Academic Courses taught in English - curriculum

Comparative Cultural Studies I,II

Japan located east of an Asian continent has formed the culture and the art by absorbing a variety of continental cultures. Moreover, Japan worked on the intake of the West civilization in passion in recent times, suited it in Japan, and achieved the modernization of the society in a short term. In addition, various popular cultures and the arts opened on the base of such a modernization effloresce in postwar Japan. This course seeks to account historically for the culture and the art of traditional Japan, which was formed by the exchange with an Asia continent in the first half and seeks to account for a cultural, artistic result accomplished through the negotiation with the West civilization in modern Japan, and the development and the present situation of popular culture that became active in postwar Japan in the latter half.

Intercultural Understanding I, II

Primarily a readings course on academic intercultural communication (IC), specifically sociocultural linguistics. Note the word "academic": This means that IC is a knowledge-based study rather than a skills course in conversational English or such. IC typically studies theory, principles, and concepts that help explain and prepare for effective intercultural relationships. Central in this study is social context--how it impacts social perception and communication. Perception is important for how people view the world around them and the making or breaking of intercultural/international relationships, as well.

History of Cultural Exchange I, II

This course will help students understand ethnocentrism and develop their cultural awareness in order to improve their intercultural communication skills. to question the origin of their points of view. to engage in meaningful conversation with the teacher to understand non-Japanese opinions. to clearly express one's opinions and feelings. new vocabulary and recycle it throughout the semester.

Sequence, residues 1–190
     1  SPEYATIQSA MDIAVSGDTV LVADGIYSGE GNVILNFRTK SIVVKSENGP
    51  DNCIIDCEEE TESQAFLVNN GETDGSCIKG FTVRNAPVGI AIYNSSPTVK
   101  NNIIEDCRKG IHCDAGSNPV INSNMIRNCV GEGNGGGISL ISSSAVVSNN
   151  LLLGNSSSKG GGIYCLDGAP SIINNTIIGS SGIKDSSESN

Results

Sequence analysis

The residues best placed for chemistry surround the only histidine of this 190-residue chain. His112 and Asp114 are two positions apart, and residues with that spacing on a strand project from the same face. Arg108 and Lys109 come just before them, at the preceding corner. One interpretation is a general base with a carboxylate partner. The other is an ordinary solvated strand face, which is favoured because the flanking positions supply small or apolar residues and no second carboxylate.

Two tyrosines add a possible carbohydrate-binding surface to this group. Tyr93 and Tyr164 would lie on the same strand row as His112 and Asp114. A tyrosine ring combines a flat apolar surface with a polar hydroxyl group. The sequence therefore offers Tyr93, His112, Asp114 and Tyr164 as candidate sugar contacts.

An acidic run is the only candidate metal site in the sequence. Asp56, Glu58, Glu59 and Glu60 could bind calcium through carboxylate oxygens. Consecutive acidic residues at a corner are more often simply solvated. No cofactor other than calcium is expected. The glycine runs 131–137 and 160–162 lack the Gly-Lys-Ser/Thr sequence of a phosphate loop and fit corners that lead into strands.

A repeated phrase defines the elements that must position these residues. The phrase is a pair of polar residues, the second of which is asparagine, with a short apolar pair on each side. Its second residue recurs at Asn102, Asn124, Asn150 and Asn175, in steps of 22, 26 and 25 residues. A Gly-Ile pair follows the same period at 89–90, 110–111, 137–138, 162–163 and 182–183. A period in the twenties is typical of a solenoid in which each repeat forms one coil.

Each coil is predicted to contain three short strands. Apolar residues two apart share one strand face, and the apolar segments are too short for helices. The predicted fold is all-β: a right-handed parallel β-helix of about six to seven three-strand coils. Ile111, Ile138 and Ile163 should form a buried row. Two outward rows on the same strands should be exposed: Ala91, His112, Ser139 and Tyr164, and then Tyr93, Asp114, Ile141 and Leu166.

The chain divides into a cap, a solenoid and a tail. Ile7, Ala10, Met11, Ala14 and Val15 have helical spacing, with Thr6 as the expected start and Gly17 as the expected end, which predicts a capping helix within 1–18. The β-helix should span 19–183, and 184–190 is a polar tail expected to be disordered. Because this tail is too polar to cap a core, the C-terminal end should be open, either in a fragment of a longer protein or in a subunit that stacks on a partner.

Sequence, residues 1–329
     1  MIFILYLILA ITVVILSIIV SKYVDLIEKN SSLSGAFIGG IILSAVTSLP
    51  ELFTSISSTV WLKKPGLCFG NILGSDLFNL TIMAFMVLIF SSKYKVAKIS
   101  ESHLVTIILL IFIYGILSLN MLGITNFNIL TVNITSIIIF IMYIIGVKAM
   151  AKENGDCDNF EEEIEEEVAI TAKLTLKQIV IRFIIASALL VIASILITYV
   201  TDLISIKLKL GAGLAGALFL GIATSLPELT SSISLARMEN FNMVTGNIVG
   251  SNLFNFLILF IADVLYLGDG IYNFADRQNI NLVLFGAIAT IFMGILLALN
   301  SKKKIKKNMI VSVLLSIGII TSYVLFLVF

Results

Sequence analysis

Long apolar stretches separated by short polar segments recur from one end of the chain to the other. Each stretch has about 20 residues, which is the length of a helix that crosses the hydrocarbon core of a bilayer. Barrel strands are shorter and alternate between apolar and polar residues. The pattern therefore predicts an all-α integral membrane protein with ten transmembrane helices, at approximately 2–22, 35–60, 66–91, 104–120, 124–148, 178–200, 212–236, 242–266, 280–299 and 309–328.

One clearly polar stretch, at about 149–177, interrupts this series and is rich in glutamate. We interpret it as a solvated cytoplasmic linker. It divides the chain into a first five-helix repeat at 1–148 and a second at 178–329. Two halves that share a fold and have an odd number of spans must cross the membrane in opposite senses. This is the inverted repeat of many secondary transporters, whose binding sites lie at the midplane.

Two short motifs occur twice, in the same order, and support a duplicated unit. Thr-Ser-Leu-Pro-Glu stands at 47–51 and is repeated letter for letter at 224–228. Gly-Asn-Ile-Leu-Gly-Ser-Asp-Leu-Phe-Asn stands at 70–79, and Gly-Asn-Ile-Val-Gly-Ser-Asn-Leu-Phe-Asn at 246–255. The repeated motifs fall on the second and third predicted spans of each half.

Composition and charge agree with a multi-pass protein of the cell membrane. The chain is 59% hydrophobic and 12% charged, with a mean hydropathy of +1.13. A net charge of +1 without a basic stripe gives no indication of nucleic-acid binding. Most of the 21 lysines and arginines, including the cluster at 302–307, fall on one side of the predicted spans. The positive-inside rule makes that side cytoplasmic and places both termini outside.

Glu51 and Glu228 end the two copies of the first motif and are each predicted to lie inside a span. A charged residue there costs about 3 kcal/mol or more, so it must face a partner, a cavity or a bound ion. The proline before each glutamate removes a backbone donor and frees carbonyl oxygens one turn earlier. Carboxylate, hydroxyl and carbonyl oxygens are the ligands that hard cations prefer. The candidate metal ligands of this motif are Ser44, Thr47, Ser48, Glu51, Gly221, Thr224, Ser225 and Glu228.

Current Topics I, II

This course introduces students to conversation and topic-based discussion skills. Students will practice discussing everyday topics, world events, and academic subjects; thinking critically; developing arguments; giving presentations and holding debates. Furthermore, various teaching approaches and strategies will be taught since students will be future teachers of English. Course objectives include: improved fluency in spoken English, critical thinking, skills for developing an argument, conducting discussions, presentations, and debates. Moreover, students will learn how to make lesson plans and teach a lesson to the rest of the class.

American Culture

Students in this course will learn about the history and culture of the United States. Course topics include: colonial life and Western settlement; aboriginal people; urbanization, industrialization, and leisure; the Civil Rights movement; popular music; and contemporary culture and politics. Course objectives include improvement in the following: reading, writing and listening skills; test-taking skills; knowledge of American history and culture.